Where Should I Hang a Tree Swing?
A soft breeze on your face, the shade of a favorite tree, the sound of children laughing. An old-fashioned tree swing brings back memories of simple pleasures. Many people grew up with one of these backyard playthings.
If you’re thinking of installing a tree swing, safety should be your priority. How can you tell if your tree is sturdy enough to handle the stress of a swing?
Choose the Right Spot for a Tree Swing
A strong branch on a healthy tree is a prerequisite for a swing. If you’ve been caring for a tree and keeping up with annual pruning, you’re off to a good start. Hardwood trees such as oak are ideal. Fruit trees and evergreens are less sturdy. Check with your local extension department if you’re unsure what type of tree you have.
Here’s what to look for when you’re assessing a tree:
Large, high branch: The best branch for a tree swing is one that has an 8-inch diameter. The branch should be high, but not more than about 20 feet up.
Branch health: Only healthy branches will support a swing. A branch that’s dead, diseased, split, or infested with insects is not safe. A branch with any of these conditions is hazardous and should be removed. Inexpensive Tree Care can safely remove branches that are be dangerous.
Branches above the swing: Branches above or around the swing must also be safe. If any branches look cracked, weak or damaged, call us and we’ll take them off.
Sturdy, straight trunk: If your tree has recently started leaning to one side, it may be sick or damaged. We can help you recognize a dangerous tree. Some trees naturally lean. They may be perfectly healthy even if they’re crooked.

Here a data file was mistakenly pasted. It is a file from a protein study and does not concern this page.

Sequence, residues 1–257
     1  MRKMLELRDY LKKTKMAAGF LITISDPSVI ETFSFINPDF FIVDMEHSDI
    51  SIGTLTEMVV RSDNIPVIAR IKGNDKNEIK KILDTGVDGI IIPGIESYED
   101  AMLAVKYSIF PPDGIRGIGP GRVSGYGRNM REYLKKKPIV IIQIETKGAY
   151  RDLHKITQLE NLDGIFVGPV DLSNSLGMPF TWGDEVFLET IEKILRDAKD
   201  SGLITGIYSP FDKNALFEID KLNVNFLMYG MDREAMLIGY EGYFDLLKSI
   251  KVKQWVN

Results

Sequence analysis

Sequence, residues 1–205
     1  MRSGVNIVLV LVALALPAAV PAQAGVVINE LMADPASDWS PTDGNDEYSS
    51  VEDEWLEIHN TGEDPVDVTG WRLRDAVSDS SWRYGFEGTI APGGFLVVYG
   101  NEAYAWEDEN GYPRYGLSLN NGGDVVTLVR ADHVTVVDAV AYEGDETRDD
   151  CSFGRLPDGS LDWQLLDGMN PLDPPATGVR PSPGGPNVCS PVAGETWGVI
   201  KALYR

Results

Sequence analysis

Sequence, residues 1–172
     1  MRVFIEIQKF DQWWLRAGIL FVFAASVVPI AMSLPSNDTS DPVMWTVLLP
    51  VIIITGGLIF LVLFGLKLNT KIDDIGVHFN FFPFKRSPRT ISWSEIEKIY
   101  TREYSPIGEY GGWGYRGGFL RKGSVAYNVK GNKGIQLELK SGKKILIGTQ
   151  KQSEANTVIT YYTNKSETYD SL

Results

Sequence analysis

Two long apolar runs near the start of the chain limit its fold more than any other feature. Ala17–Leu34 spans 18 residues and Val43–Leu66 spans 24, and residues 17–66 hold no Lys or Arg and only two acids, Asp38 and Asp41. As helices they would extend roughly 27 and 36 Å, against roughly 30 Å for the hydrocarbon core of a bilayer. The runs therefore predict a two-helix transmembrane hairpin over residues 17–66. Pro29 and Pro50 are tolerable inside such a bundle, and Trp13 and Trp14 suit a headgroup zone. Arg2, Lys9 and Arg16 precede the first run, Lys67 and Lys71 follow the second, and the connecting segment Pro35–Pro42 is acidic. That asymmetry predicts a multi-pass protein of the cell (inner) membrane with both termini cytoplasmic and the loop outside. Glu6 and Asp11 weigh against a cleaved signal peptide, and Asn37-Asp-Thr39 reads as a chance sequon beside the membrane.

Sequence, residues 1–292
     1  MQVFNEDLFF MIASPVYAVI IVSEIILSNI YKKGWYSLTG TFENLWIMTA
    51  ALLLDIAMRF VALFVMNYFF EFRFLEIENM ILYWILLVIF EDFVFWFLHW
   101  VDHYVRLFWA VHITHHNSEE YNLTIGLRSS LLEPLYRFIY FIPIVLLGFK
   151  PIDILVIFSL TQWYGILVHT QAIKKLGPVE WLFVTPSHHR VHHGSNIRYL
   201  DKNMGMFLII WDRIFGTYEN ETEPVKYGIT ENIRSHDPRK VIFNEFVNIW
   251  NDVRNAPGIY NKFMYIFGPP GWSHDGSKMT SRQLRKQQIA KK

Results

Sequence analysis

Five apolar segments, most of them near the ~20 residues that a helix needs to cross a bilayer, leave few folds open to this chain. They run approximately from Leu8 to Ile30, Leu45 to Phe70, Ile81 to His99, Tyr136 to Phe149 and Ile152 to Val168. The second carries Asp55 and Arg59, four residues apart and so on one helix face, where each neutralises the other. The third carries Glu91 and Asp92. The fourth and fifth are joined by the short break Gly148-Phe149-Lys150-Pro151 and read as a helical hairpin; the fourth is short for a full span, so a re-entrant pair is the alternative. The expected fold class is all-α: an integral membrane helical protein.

Enough room: The swing should be about 3 feet from the tree trunk. You’ll also need plenty of open space in front and in back of the swing.
Away from water: Many rope swings dangle over a river, lake or pond. These are dangerous, particularly for small children. Don’t place a swing on a tree near water.
Somewhere to land: Every child will fall or jump from a swing at some point. Choose a location where leaps and tumbles are cushioned. Grass and dirt may be soft enough, but if not, add soft mulch such as wood chips.
Find more tips for placing outdoor play equipment by reading the U.S. Consumer Product Safety Commission’s guides to playground safety.
Once you determine you have a good tree in a safe spot, you’re ready to hang your swing. You can buy a ready-to-hang swing, or you can build your own swing.
Experts in Portland Tree Pruning
If your tree needs inspection or pruning before it’s ready for a swing, give us a call to schedule a free estimate!